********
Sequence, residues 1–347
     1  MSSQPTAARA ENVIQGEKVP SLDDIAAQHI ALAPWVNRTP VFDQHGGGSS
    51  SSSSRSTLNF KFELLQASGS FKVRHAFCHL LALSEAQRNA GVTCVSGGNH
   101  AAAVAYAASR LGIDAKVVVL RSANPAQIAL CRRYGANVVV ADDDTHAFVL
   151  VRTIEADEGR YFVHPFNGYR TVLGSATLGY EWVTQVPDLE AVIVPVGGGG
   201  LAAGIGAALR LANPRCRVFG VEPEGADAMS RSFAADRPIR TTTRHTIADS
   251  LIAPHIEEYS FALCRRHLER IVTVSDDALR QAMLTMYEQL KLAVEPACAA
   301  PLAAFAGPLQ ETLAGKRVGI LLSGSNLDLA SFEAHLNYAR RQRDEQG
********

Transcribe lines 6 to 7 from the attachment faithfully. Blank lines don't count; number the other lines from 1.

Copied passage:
   201  LAAGIGAALR LANPRCRVFG VEPEGADAMS RSFAADRPIR TTTRHTIADS
   251  LIAPHIEEYS FALCRRHLER IVTVSDDALR QAMLTMYEQL KLAVEPACAA